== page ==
Basically, we don't know when we read a buffer whether this is a
read-only or read/write.  In fact, we could read it in, and another
backend could write it for us.

The big issue is that when we do a write, we don't wait for it to get to

It seems to use O_DIRECT, we would have to read the buffer in a special
way to mark it as read-only, which seems kind of strange.  I see no
reason we can't use free-behind in the PostgreSQL buffer cache to handle
most of the benefits of O_DIRECT, without the read-only buffer restriction.


Sean Chittenden wrote:
> > _That_ is an excellent point.  However, do we know at the time we
> > open the file descriptor if we will be doing this?
> Doesn't matter, it's an option to fcntl().
> > What about cache coherency problems with other backends not opening
> > with O_DIRECT?
> That's a problem for the kernel VM, if you mean cache coherency in the
> VM.  If you mean inside of the backend, that could be a stickier
> issue, I think.  I don't know enough of the internals yet to know if
> this is a problem or not, but you're right, it's certainly something
> to consider.  Is the cache a write behind cache or is it a read
> through cache?  If it's a read through cache, which I think it is,
> then the backend would have to dirty all cache entries pertaining to
> the relations being opened with O_DIRECT.  The use case for that
> being:
> 1) a transaction begins
> 2) a few rows out of the huge table are read
> 3) a huge query is performed that triggers the use of O_DIRECT
> 4) the rows selected in step 2 are updated (this step should poison or
>    update the cache, actually, and act as a write through cache if the
>    data is in the cache)
> 5) the same few rows are read in again
> 6) transaction is committed
> Provided the cache is poisoned or updated in step 4, I can't see how
> or where this would be a problem.  Please enlighten if there's a
> different case that would need to be taken into account.  I can't
> imagine ever wanting to write out data using O_DIRECT and think that
> it's a read only optimization in an attempt to minimize the turn over
> in the OS's cache.  From fcntl(2):
>      O_DIRECT     Minimize or eliminate the cache effects of reading and writ-
>                   ing.  The system will attempt to avoid caching the data you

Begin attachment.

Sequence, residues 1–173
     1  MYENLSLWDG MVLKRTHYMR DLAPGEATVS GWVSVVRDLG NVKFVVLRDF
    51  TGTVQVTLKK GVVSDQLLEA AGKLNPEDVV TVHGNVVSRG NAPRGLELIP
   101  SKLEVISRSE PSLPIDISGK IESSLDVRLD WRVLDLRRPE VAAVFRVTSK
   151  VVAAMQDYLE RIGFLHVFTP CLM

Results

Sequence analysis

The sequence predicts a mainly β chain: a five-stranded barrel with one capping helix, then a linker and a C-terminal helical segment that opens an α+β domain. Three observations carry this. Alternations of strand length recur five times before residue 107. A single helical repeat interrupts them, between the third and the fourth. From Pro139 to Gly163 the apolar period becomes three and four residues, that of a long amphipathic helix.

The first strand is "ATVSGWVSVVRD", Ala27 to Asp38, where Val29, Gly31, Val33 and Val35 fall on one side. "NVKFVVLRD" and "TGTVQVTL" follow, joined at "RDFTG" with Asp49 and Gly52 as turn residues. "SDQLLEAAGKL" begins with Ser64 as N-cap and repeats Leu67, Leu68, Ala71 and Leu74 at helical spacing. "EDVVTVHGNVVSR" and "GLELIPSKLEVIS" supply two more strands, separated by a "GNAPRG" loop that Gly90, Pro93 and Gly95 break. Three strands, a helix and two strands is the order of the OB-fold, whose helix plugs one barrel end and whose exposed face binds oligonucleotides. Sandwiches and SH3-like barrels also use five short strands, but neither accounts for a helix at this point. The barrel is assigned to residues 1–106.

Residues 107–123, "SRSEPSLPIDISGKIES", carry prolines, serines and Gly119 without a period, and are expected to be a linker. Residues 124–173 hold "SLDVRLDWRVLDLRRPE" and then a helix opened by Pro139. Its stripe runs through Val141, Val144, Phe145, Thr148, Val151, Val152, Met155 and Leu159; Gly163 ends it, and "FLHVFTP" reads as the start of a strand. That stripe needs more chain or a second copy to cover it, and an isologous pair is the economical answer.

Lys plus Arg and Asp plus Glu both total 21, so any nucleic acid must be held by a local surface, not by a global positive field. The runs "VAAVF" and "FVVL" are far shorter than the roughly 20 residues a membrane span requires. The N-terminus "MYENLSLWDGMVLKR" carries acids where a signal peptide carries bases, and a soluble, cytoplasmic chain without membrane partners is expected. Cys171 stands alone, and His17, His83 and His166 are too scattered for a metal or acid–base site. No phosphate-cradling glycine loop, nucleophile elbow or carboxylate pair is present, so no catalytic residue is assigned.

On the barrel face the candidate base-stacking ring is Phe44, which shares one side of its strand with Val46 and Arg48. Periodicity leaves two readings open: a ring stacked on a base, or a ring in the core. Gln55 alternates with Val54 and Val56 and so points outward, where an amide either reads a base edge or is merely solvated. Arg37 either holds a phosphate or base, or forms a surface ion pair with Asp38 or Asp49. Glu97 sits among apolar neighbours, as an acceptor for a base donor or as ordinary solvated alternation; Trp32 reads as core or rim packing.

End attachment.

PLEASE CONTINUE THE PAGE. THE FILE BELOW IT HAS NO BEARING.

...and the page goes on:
>                   read or write.  If it cannot avoid caching the data, it will
>                   minimize the impact the data has on the cache.  Use of this
>                   flag can drastically reduce performance if not used with
>                   care.
> > And finally, how do we deal with the fact that writes to O_DIRECT
> > files will wait until the data hits the disk because there is no
> > kernel buffer cache?
> Well, two things.
> 1) O_DIRECT should never be used on writes... I can't think of a case
>    where you'd want it off, even when COPY'ing data and restoring a
>    DB, it just doesn't make sense to use it.  The write buffer is
>    emptied as soon as the pages hit the disk unless something is
>    reading those bits, but I'd imagine the write buffer would be used
>    to make sure that as much writing is done to the platter in a
>    single write by the OS as possible, circumventing that would be
>    insane (though useful possibly for embedded devices with low RAM,
>    solid state drives, or some super nice EMC fiber channel storage
>    device that basically has its own huge disk cache).
> 2) Last I checked PostgreSQL wasn't a threaded app and doesn't use
>    non-blocking IO.  The backend would block until the call returns,
>    where's the problem?  :)
> If anything O_DIRECT would shake out any bugs in PostgreSQL's caching
> code, if there are any.  -sc
> -- 
> Sean Chittenden
> ---------------------------(end of broadcast)---------------------------
> TIP 7: don't forget to increase your free space map settings

  Bruce Momjian                        |
  [EMAIL PROTECTED]               |  (610) 359-1001
  +  If your life is a hard drive,     |  13 Roberts Road
  +  Christ can be your backup.        |  Newtown Square, Pennsylvania 19073

---------------------------(end of broadcast)---------------------------
TIP 3: if posting/reading through Usenet, please send an appropriate
      subscribe-nomail command to [EMAIL PROTECTED] so that your
      message can get through to the mailing list cleanly

Reply via email to